Vegetable grower in a pickle with City of Watson

WATSON -- Aziz Ansari has found himself in a real pickle with the City of Watson and it's all over growing tomatoes, peppers and yes, cucumbers for pickles.

WATSON -- Aziz Ansari has found himself in a real pickle with the City of Watson and it's all over growing tomatoes, peppers and yes, cucumbers for pickles.

He started his vegetable growing operation "Rainbow Gardens'' on his residential lot in the Chippewa County community of just over 200 people last year.

According to Ansari, it all grew from 240 tomato seeds he planted in his home. Unwilling to snub any of the newly-germinated seeds, he found plans on the Internet for a low-cost way to raise them. He built a 96-foot long, 6-foot wide and 18- to 24-inch high raised bed on his residential lot. He enclosed it with bent PVC pipe that is covered by sheets of plastic, giving him what is referred to as a "hoop'' house.

He raised tomatoes, cucumbers, bell peppers, egg plants, and other vegetables, and put up a sign offering them for sale on his property along Minnesota Highway 7 on the community's south edge. Ansari said he probably gave away as many tomatoes as he sold. At season's end, he and his wife canned more of them than he'd ever care to do again.

But he discovered he loved raising and selling vegetables. "I've got the bug now. No really, it's fun,'' said Ansari, an ear-to-ear grin on his face.


The trouble started this year when Ansari took advantage of his large corner lot to erect a second, 96-foot long hoop house and began pounding the stakes for a third and fourth.

"It's a whole big mess,'' said Gerald Borg, whose home is directly across the street. "How would you like to live across from it?''

The city warned Ansari that he was in violation of city building and zoning ordinances. Both parties debated the issue at a meeting of the city's zoning commission.

Things came to a head Friday May 23. The city council had posted a notice in the Post Office stating a special meeting was to be held at 2 p.m. to discuss the "Ansari issue.'' Friends saw the notice and tipped him off. By that afternoon a crowd of 40 had gathered despite the holiday weekend, most of them to express support for him.

They never got the chance. The city council met with their attorney, and returned to say no comments would be heard. Instead of adopting a resolution to begin litigation against Ansari as originally planned, they opted to give both sides a chance to negotiate.

That's where things stand today: Attorneys for the two sides are to meet and seek a negotiated agreement.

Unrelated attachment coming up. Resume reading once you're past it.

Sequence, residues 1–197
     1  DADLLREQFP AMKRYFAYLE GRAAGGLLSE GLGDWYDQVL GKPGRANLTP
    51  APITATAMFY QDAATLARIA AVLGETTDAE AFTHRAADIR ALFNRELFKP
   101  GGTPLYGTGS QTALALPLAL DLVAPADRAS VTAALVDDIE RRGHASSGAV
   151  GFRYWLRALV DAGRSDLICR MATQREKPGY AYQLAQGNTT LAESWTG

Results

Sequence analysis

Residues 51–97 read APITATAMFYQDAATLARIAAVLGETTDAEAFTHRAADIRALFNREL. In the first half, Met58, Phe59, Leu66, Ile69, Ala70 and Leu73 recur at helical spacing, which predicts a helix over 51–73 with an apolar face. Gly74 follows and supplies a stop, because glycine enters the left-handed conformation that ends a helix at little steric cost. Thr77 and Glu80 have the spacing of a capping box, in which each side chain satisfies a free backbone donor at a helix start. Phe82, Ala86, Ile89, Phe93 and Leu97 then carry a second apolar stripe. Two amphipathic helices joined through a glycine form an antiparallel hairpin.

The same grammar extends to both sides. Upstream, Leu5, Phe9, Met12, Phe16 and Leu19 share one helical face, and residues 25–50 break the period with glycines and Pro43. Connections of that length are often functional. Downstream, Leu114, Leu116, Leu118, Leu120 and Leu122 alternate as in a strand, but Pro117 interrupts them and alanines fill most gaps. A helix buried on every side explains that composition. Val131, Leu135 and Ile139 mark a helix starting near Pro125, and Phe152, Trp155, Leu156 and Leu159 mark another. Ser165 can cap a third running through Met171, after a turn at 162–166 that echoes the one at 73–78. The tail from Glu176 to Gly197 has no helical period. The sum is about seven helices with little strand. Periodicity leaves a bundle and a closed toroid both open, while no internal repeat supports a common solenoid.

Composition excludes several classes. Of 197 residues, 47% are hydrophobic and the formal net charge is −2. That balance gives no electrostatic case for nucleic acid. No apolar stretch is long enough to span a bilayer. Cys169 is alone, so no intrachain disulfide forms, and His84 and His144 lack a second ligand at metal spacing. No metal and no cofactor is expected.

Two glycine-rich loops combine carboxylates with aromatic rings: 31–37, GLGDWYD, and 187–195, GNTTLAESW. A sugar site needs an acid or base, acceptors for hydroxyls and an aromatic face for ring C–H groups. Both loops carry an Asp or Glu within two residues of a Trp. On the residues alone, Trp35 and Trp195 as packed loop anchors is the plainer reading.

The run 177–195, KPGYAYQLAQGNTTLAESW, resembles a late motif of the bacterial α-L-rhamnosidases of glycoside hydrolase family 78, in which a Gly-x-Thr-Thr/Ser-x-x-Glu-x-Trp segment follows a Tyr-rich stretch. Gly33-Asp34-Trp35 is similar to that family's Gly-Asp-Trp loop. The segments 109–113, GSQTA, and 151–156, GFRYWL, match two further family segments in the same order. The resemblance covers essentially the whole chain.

Susan Stokes, executive director of the Farmer's Legal Aid Group of St. Paul, said FLAG is providing legal representation to Ansari. The non-profit organization supports the emergence of a local foods farm economy, and Ansari is doing just that, she said.

"He's doing everything right,'' said Stokes. "This is the kind of farming we like to support.''


Stokes describes Ansari's hoop houses as a "simple, innovative way to raise vegetables.'' "I don't see what the objection is really.''

Ansari said his main complaint is the same: He charges that while he has had conversations with the city and members of its zoning commission, he has never really been told exactly how he violates city ordinances.

"It's a moving target,'' said Tom Taylor, of the Land Stewardship Project in Montevideo, which has also come to his aid. He and other supporters see Ansari's enterprise as an economic benefit the community should embrace, not stomp on.

Attorney Troy Gilchrist, of the Kennedy and Gravens law firm, Minneapolis, said Ansari should be well aware of what he must do to comply with city ordinances. Gilchrist said the firm was retained by the city earlier this year. That was when he sent Ansari a detailed letter on how he interpreted city ordinances.

Gilchrist said the letter pointed out that city ordinance allows no more than two accessory buildings per residential lot, and that Ansari has two hoop houses and storage shed on the site, and the makings for two more hoop houses.

Also, Gilchrist said the ordinance restricts the amount of impervious surface allowed on any residential lot. Ansari probably exceeded the limit when he erected a second hoop structure; he is certainly over the amount by adding a third and fourth, according to the attorney.

Gilchrist said he also believes Ansari violates a city ordinance limiting the kinds of commercial activity that can occur in an area zoned for residential use.

Ansari disputes the interpretation that the hoop houses are buildings or structures: He likens them to tents, which he dismantles at the growing season's end.


He points out that he is not the first to raise and sell vegetables on a residential lot in town, but is the first to run afoul of City Hall for doing so. He expresses surprise that the city should be able to restrict something as innocuous as raising vegetables. "It's just for fun,'' he said. "It started as an accident.''

Ansari, who will turn 60 in June, said he is determined to keep moving forward, even though he admits that gardening is hardly the stress reliever for him that others find in it. As he continues to expand his raised beds, Ansari said his thoughts keep returning to the fear that they may be removed.

His neighbor across the street said he didn't mind when the first hoop house went up, but things have gone too far. "I think everything has got to go because he defied the city,'' said Borg.

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